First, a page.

Pope Francis, the editorial concluded, has said mercy must come before judgment. Catholic institutions and the communities which they serve should look at their employment policies this year and ask whether they are just, not according to civil laws (although these are crucial too), but according to God’s law of mercy.

It is time to ask tough questions at every parish, school, and social service agency. Is firing an LGBT church worker putting mercy before judgment? Are these exclusionary actions really what Catholic identity means? Is our community’s care for employees really transformed by God’s mercy? How does the church’s mission suffer when we lose wonderful church workers?

Progress happened for church workers’ rights in 2015, but we still have a long way to go. The responsibility is on each of us to take action this coming year. To get started, consider getting an LGBT-inclusive nondiscrimination policy passed at your Catholic parish, school, hospital, or social service agency. You can find more information on making this change here.

For Bondings 2.0‘s full coverage of this story, and other LGBT-related church worker disputes, click the ‘Employment Issues‘ category to the right or here. You can click here to find a full listing of the more than 50 incidents since 2008 where church workers have lost their jobs over LGBT identity, same-sex marriages, or public support for equality.

–Bob Shine, New Ways Ministry

What Makes the Holy Family–And Our Families–Holy?

Today’s blog post for the Feast of the Holy Family is a reflection on Luke 2:41-52. The reflection is written by Joseanne and Joseph Peregin, leaders of Drachma Parents’ Group, an organization for Catholic parents of LGBT children in the island nation of Malta (a more complete bio of the Peregins can be found at the end of this post).

“Son, why have you done this to us? Your father and I have been looking for you with great anxiety.”

In today’s Gospel, we are reminded that the Holy Family, too, experienced moments of frustration and anxiety similar to that of many parents these days.  Mary and Joseph must have felt let down by their family’s communication breakdown and possibly considered themselves failures as parents.

They were travelling for one full day when they realised Jesus was not with them. And it took them three days to return and find him. It probably took them this long because they had been looking in all the wrong places.  But in the end, they found him — in what was probably the least likely place they expected. The parents were stunned to find out their twelve-year-old son was not in some dire situation as they may have imagined: distressed, panicking, or severely sick. Instead, he was found quizzing the teachers in the temple, totally engrossed and fully absorbed in his quest to learn.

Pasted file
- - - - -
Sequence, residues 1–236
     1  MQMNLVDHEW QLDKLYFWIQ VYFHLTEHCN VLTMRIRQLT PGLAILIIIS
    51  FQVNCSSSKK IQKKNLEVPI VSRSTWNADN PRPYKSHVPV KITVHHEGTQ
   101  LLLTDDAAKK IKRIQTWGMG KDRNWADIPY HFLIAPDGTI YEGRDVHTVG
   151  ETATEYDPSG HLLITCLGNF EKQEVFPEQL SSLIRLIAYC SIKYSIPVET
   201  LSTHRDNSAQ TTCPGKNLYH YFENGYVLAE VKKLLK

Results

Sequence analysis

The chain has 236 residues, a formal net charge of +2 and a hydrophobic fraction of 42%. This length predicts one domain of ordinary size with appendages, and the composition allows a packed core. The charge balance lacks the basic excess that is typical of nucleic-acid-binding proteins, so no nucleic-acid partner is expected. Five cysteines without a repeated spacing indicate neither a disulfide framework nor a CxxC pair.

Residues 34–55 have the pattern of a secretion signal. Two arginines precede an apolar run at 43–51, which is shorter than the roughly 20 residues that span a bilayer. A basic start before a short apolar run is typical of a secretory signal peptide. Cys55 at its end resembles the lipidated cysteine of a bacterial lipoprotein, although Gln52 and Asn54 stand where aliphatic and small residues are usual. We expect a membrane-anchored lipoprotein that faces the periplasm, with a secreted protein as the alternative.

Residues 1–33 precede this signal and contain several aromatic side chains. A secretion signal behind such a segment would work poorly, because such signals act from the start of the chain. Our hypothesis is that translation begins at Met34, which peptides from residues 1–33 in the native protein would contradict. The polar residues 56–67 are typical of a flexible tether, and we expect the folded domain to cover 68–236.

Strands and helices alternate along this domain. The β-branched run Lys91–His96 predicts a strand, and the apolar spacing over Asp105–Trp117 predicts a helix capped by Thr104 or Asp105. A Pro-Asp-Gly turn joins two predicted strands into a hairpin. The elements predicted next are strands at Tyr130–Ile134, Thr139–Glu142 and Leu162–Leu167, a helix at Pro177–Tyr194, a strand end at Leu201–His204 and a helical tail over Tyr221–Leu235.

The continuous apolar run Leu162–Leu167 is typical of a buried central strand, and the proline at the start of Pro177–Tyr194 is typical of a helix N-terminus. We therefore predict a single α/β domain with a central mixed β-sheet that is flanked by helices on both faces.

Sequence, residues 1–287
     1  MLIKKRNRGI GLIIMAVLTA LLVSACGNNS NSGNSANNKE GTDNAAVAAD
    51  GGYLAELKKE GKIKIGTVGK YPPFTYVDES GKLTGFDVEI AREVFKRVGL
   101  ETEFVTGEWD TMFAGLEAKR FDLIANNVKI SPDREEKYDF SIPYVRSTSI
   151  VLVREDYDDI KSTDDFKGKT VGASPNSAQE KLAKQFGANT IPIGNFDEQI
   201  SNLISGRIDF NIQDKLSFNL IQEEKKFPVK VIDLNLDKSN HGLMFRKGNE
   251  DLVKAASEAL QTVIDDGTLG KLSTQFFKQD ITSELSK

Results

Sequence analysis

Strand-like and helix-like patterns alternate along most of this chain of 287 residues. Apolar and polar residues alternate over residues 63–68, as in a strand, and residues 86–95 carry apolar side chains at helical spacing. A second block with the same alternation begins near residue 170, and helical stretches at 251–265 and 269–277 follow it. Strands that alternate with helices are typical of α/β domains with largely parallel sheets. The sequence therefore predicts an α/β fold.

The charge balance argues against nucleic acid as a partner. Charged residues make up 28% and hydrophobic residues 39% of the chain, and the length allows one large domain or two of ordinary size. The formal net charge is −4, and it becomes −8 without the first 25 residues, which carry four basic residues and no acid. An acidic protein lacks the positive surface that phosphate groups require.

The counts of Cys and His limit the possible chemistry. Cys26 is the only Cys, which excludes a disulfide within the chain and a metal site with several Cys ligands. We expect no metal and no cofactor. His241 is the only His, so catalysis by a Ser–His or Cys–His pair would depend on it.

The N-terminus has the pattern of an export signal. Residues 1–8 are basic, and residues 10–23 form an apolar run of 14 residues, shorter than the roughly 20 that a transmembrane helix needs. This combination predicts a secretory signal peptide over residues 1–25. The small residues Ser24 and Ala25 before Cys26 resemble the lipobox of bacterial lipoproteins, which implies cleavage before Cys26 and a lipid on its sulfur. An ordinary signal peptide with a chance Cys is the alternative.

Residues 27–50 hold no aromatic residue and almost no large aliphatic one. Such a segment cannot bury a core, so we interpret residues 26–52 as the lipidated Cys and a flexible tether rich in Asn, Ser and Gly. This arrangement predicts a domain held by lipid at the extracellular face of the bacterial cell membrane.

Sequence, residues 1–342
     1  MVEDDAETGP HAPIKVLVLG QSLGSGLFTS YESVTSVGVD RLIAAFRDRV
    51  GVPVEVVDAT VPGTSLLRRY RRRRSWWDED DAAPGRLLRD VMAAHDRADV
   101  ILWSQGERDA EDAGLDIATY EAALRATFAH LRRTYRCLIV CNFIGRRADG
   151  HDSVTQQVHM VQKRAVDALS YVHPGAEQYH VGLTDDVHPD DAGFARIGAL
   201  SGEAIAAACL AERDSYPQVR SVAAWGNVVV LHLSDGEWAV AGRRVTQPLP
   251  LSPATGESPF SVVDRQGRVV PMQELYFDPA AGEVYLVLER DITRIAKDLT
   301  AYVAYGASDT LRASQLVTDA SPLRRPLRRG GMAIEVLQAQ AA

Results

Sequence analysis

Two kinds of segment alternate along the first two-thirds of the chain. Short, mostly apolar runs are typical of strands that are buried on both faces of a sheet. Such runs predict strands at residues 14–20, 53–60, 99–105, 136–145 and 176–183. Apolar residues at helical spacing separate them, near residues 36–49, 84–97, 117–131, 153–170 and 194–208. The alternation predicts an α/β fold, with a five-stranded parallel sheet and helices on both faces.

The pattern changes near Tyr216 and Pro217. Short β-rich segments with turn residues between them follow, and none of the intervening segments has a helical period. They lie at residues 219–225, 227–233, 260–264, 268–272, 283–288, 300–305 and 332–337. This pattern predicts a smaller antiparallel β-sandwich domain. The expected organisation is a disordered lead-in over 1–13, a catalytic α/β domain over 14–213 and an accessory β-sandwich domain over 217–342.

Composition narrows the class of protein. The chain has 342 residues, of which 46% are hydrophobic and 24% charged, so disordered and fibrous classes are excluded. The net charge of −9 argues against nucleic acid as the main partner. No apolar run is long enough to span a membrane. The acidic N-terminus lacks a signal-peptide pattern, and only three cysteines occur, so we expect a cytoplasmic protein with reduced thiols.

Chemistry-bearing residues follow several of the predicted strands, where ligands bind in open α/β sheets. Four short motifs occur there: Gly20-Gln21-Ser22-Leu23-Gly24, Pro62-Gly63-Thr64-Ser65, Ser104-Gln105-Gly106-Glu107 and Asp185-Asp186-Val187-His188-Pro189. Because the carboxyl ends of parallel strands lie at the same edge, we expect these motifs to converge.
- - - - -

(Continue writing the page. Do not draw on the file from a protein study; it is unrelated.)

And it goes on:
Jesus’ choice to stay in Jerusalem, seemingly indifferent to the family’s plan to head back home to Nazareth, may have stirred a relationship power struggle, quite similar to the ones that families experience today. The dynamics in the Holy Family seem very familiar to our own, so what is it that makes this family holy?

They are holy primarily because of the way in which they faced this challenging occasion. It was a moment for them to understand that parents must give up their own expectations and allow necessary space for their children to live out their own roles and fulfil their own life calling.  This gospel story is more about Jesus’ role and place in society, and not about their own hopes and plans.  Mary and Joseph probably touched the pain parents feel when they think they are being side-lined, made redundant, and feel out of touch with the reality of their children. This was their first leap in parenthood.

Jesus digs the wound even deeper: ‘Why were you looking for me?’ as if to say that if they knew him at all, it was obvious where he would be. Was it not yet clear to them that he should be in his Father’s house?  Have they been so blind to all his attempts to talk to them about his life purpose?  Although they may have felt worried and hurt over those four or more days travelling, in the end, they knew it was not all about them.  It was rather about Jesus and his well-being. This was their second leap in parenthood.